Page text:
While many investors generally regard bonds as low-risk investments, it is important to recognize that bonds are NOT riskless investments. Below are a few key things to consider when evaluating a fixed income investment:
- Bonds can go up and down based on market conditions, credit quality, and interest rates
- Bonds can lose money, especially if sold before maturity
- “Bonds” is a very broad category that encompasses the safest to the riskiest classifications
An investor saying he owns a bond is akin to one saying he owns a car… what type?
In recent years, many investors have responded to the prevailing low-rate environment by “reaching for yield.” Essentially, they are buying lower quality, less secured, longer-dated bonds to try to match their cash flow needs. Except for Puerto Rico municipal bonds, this has yet to create a market-wide shock.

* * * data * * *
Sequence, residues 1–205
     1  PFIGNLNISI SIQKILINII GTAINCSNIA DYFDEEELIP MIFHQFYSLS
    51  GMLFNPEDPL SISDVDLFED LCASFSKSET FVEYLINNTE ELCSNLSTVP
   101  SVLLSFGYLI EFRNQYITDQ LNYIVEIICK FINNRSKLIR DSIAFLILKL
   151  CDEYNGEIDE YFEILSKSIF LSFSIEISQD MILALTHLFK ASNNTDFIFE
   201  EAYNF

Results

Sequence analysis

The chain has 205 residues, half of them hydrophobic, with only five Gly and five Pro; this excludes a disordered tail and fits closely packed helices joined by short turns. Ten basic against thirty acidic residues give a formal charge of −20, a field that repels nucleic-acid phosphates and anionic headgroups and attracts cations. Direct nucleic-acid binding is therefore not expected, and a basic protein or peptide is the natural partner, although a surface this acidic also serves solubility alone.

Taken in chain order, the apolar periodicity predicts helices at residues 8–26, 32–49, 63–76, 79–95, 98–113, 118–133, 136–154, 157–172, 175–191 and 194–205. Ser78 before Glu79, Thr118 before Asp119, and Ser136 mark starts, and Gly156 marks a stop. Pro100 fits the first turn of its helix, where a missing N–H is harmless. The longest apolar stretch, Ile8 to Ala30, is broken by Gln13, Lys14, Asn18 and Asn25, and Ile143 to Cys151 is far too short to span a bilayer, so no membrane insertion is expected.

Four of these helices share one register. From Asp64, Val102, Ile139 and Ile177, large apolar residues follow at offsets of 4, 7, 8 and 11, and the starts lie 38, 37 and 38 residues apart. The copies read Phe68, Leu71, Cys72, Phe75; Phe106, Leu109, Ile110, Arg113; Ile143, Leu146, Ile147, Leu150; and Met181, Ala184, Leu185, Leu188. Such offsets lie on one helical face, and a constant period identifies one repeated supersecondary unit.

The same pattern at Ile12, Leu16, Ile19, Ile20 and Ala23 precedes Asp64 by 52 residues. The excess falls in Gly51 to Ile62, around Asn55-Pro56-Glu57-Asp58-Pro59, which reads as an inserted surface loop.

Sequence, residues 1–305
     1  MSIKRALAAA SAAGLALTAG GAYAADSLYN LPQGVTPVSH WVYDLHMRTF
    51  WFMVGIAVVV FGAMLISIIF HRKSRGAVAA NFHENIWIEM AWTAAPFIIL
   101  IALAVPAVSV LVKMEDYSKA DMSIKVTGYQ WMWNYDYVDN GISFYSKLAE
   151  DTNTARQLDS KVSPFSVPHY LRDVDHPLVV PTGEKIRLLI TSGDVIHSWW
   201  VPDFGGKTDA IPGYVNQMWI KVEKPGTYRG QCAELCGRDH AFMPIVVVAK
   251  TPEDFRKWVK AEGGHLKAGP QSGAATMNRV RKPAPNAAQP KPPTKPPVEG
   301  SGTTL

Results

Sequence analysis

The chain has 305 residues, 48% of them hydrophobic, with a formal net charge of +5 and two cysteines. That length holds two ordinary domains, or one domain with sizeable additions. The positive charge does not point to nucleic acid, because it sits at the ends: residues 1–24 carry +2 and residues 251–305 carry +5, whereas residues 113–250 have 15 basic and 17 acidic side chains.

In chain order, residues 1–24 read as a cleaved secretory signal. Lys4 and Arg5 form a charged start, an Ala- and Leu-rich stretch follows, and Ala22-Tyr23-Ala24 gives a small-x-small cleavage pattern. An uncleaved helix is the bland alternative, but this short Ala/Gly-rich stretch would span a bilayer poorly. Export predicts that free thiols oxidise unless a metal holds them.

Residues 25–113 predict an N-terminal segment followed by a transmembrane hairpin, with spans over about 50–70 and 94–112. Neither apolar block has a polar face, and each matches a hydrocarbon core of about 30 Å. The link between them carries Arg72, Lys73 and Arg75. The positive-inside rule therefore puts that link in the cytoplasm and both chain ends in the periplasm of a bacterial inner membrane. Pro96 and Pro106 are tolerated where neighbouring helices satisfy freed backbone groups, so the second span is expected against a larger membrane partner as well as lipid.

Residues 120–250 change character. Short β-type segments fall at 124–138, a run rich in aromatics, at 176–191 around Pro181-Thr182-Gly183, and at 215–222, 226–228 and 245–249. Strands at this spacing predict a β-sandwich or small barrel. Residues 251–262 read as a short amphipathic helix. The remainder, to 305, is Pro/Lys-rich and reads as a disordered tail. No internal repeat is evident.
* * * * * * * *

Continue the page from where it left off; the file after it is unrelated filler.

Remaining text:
Consider the points below:
- In 2008, US High Yield returned an equity-like -26.2%
- In the last 25 years, US High Yield bonds have lost in 6 calendar years
As with equities, it is vital that a bond investor know WHAT he owns, WHY he owns it, and WHEN he should cut ties and sell it. No different than investing 100% of one’s equity exposure in oil exploration companies, investors need to be wary of over-allocating to the riskiest segments of the fixed income markets.
Just because something has worked for the last 10 years doesn’t mean it will work for the next 10 years. One might consider the Tech Bubble of the late 1990s as a fair parallel to the valuations of the riskiest segment of fixed income today.
Reliability of Sources The articles and opinions expressed in this document were gathered from a variety of sources, but were reviewed by Head Investment Partners,LLC prior to its dissemination. All sources are believed to be reliable but do not constitute specific investment advice. In all cases, please contact your investment professional before making any investment choices.
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